If the phenomenological perspective is the best approach to studying the essence of interaction processes within our natural human environments, a different perspective is needed for understanding the social and political culture in which inevitably all psychotherapeutic work is embedded. Often the therapist’s view is limited by their interest in the three main influences: family of origin, family of procreation, and work situation. But there is much more to context or environment which we need to take into account. Currently, the socio-political situation of the Western world is not just in disarray: it is in deep crisis, threatening our civilization and even our survival. It is not surprising that deep anxieties and anger increasingly break through the surface of our seemingly civilized and peaceful standards of behaviour, emerging as a relevant background to our therapeutic endeavour. Therefore, the two main parts of this book are framed by chapters exploring the historical background as well as the cultural context which co-determine all psychotherapeutic work today. In working on this English edition, 1 revised and largely rewrote these chapters in order to take these newer political, social and environmental developments into account. Even if the present focus of attention unavoidably focuses on the sudden growth of populist movements, my own concern has long been dedicated to issues of climate change and environmental disaster, since in the long run they will completely change if not our own lives surely that of our children and our children’s children.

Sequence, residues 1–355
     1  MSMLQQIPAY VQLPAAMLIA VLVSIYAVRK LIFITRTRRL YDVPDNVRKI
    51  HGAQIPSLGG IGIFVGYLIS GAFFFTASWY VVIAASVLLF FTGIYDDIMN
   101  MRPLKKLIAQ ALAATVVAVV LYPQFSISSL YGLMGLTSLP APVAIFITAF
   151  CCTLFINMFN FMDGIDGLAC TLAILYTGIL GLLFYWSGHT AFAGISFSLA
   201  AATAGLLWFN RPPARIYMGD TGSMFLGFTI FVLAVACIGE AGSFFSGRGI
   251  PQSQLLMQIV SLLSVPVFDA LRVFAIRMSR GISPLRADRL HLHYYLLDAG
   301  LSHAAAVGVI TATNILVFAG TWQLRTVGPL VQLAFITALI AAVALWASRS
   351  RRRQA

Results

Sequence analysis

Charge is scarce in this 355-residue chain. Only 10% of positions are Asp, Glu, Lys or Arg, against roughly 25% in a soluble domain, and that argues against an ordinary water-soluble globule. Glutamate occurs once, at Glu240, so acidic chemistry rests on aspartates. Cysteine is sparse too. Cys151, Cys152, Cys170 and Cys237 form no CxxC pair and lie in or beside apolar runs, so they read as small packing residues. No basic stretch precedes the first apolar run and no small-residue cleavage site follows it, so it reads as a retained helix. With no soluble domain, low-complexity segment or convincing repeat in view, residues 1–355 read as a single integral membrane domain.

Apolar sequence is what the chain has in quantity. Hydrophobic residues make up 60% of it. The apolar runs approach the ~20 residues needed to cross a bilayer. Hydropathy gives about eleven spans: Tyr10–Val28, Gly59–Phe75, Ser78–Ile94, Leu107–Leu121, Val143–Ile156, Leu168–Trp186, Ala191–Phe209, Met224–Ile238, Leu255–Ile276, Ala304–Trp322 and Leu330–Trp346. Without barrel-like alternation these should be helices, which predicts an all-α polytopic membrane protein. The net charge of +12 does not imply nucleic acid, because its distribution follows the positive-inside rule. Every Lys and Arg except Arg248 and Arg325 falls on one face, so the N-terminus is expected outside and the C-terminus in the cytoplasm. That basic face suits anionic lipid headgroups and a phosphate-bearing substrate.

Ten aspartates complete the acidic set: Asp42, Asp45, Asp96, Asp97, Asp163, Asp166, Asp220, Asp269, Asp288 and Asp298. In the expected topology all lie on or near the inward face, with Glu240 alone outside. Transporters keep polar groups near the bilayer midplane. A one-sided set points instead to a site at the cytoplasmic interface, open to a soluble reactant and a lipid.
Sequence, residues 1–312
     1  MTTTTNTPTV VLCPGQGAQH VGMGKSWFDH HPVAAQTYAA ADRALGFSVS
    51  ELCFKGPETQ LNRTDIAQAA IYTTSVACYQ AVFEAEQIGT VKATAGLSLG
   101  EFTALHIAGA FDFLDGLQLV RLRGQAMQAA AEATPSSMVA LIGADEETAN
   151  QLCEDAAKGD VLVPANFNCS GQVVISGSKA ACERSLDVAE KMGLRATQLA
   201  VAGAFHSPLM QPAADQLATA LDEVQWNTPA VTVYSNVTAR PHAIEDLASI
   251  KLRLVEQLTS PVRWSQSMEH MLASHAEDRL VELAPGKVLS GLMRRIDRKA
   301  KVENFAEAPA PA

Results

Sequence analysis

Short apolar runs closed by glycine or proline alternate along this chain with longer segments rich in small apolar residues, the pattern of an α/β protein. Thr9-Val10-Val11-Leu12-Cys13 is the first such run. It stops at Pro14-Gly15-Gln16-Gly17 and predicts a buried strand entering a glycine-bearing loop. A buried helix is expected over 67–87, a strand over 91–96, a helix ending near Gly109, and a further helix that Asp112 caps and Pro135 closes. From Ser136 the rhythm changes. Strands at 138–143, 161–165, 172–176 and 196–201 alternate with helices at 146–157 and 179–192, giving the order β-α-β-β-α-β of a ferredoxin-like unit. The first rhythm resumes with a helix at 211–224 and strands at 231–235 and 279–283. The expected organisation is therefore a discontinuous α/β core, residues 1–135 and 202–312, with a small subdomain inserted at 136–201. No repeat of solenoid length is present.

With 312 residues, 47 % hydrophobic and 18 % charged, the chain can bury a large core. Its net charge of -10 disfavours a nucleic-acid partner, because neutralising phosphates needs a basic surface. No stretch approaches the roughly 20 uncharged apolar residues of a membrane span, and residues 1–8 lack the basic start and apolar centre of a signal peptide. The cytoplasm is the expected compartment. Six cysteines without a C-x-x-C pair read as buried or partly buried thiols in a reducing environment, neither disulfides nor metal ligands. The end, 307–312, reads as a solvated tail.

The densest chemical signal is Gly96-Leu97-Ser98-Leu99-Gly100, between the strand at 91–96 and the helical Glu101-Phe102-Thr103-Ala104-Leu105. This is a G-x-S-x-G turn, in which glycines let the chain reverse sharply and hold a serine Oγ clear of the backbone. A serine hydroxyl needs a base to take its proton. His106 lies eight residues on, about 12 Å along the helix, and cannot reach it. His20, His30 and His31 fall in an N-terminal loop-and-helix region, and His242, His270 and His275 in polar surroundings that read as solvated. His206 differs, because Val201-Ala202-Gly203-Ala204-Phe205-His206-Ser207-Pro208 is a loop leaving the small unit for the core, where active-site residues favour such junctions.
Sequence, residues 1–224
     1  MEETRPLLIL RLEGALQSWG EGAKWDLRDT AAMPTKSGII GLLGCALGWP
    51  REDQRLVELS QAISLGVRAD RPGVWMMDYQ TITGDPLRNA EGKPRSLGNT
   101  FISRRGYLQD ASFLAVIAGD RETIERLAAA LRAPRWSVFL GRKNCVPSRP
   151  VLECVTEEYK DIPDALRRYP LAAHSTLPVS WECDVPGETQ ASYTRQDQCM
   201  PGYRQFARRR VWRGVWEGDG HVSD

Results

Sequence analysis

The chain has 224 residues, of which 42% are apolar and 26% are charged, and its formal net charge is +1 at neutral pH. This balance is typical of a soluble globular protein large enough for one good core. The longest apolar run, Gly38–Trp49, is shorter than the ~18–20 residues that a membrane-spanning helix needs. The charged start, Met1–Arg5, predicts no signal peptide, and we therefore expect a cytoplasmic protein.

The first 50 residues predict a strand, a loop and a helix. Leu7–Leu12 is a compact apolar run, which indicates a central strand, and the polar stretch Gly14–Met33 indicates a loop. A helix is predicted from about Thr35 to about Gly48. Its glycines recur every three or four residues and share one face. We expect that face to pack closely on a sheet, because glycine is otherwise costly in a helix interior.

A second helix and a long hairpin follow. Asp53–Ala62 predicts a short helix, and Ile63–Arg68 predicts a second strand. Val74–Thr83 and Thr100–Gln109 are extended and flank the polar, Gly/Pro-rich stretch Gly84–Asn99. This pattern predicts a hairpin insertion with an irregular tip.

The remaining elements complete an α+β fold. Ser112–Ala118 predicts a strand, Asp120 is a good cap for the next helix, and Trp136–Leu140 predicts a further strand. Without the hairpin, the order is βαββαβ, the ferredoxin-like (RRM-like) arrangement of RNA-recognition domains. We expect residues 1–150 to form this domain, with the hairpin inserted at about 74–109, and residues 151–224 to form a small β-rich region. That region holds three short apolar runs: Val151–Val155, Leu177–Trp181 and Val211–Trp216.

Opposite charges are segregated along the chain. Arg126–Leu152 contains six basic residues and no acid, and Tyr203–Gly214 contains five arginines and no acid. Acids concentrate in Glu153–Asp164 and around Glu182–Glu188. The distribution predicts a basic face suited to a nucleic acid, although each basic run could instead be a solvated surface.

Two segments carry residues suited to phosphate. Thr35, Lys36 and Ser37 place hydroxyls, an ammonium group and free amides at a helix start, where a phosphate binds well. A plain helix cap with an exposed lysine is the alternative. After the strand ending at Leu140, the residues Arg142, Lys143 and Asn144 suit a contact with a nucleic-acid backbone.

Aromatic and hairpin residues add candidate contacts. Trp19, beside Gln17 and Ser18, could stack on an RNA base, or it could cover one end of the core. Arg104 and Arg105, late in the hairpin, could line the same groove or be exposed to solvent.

1 would like to ask the reader to bear with me if he/she feels that I have not done justice to the particulars of the actual situation in their own country. 1 focused on what can typically be observed in all Western countries, but I am well aware of deep differences, especially in regard to the United States compared with Europe or in regard to the differences between Western and Eastern Europe.

No doubt readers of this English edition will find various reasons for criticism and may object to some of my theoretical claims. And that is as it should be, since the theory of Gestalt therapy is never completed, and with such criticism the theory can continue to grow. Of course, much of what I claim for Gestalt therapy is true for other forms of therapy, too - but Gestalt therapy is my passion.